Hotels offering digital detox, haboob grounds planes in Phoenix, trusted travellers getting a break, and more. Here are the stories that travellers are buzzing about:

Dust storm temporarily grounds flights
This time it wasn't a volcano, but a "haboob" that kept flights from taking off. The massive dust storm — which gets its name from the Arabic word for wind — swept through Arizona Tuesday, temporarily grounding flights at Phoenix Sky Harbor International Airport. Winds that reached up to 69 mph propelled the storm, according to CNN, which has video. The Washington Post has spectacular photos

EU and US take carbon emissions battle to court
The US and EU began their battle over EU's carbon cap-and-trade program, which requires all carriers flying in and out of Europe to reduce carbon emissions by 3%. US airlines argue the program — which would also require American carriers to pay for carbon emissions while flying over the Atlantic — violates international law, but the EU won't back down. For now, the decision remains with the EU's top court.

Meanwhile, Dutch carrier KLM has already taken significant steps toward progress by piloting the first commercial biokerosene-powered flight last week. There are 200 more Amsterdam-to-Paris flights set to take off this September using the recycled materials collected from hotels, restaurants and factories.

Travellers leaving smart phones at home

While some hotels and resorts are offering everything from spa treatments to guided hikes to lure guests, others have started a new trend to attract holidaymakers: "digital detox". Guests at the Renaissance Pittsburgh, Hotel Monaco Chicago, and various other hotels around the United States are offering packages that encourage travellers to unplug during their vacations, the Wall Street Journal reports. Most of these packages mean a weekend (or more) with no television, internet or cell phones. Some packages even offer significant discounts to those willing to leave their smart phones at home or check them at reception.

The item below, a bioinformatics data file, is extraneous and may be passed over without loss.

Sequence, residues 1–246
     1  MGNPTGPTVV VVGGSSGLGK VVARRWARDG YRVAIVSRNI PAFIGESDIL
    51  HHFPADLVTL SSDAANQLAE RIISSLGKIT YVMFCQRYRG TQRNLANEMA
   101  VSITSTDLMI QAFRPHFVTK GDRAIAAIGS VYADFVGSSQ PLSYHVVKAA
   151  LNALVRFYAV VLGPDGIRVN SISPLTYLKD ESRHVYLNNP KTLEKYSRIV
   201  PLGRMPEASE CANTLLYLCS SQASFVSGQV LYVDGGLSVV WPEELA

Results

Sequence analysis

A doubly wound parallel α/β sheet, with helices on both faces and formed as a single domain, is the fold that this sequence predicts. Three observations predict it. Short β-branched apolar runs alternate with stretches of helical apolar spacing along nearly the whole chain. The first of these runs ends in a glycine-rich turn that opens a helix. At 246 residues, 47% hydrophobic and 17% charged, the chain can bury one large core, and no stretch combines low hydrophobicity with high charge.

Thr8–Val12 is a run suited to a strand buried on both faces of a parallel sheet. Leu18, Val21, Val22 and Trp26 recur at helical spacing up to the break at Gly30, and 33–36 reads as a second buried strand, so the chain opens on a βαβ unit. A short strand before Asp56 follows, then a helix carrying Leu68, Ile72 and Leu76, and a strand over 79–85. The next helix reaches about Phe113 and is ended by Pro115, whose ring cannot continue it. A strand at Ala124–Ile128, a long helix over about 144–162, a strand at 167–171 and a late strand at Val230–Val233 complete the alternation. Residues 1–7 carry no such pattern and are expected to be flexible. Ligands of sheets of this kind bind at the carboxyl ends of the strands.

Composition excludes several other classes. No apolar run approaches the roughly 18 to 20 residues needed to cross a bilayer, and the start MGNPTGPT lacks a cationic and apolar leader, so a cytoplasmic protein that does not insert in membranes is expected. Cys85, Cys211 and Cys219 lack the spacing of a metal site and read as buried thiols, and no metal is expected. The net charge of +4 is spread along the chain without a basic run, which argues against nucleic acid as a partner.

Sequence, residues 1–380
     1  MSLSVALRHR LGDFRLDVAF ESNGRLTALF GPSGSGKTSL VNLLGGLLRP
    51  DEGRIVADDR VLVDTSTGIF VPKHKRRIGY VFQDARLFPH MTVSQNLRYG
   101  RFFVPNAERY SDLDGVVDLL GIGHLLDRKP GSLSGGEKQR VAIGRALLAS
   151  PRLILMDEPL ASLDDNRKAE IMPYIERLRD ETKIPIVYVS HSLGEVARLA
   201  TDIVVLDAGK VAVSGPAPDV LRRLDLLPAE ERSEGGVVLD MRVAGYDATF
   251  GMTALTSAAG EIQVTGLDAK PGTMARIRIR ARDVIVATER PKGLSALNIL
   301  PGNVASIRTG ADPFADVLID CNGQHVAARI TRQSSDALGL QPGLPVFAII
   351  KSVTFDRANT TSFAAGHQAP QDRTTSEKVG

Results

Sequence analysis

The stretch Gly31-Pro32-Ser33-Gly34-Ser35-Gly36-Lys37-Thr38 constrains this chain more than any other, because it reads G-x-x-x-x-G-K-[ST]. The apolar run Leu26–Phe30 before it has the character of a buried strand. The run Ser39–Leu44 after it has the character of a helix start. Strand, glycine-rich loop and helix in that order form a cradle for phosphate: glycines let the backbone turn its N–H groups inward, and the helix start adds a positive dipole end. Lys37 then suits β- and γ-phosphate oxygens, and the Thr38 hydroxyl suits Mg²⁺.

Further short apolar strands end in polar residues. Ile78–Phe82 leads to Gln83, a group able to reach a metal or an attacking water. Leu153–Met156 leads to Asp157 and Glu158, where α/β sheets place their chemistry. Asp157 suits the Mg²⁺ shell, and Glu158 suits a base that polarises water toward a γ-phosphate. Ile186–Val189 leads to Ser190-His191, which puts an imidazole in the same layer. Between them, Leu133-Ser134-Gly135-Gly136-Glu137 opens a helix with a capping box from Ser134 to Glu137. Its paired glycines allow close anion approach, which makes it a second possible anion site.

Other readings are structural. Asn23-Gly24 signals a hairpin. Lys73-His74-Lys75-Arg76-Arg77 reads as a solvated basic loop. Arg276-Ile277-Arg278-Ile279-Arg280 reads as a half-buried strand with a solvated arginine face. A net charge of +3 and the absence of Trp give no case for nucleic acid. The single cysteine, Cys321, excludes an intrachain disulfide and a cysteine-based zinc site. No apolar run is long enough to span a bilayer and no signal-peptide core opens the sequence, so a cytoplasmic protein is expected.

TSA to launch trusted traveller program
American air passengers frustrated with the long lines and heightened screening process may soon be getting a small victory. The Transportation Security Administration has announced it will work with airlines to find travellers willing to share personal information in order to begin the testing phase of a trusted traveller program at several airports this fall. While the trusted travellers wouldn't simply pass through security unchecked, they would be able to forgo irksome obligations like removing laptops from luggage and taking off their shoes.

The mega retweet
We scour Twitter and publish a standout travel tweet

"Because I'm staying in Llivia tonight, I crossed the French/Spanish border 12x today"

-@EverywhereTrip. After visiting the tiny country of Andorra, travel blogger Gary Arndt continued to explore little-known regions by heading to Llívia, a Spanish exclave in France.

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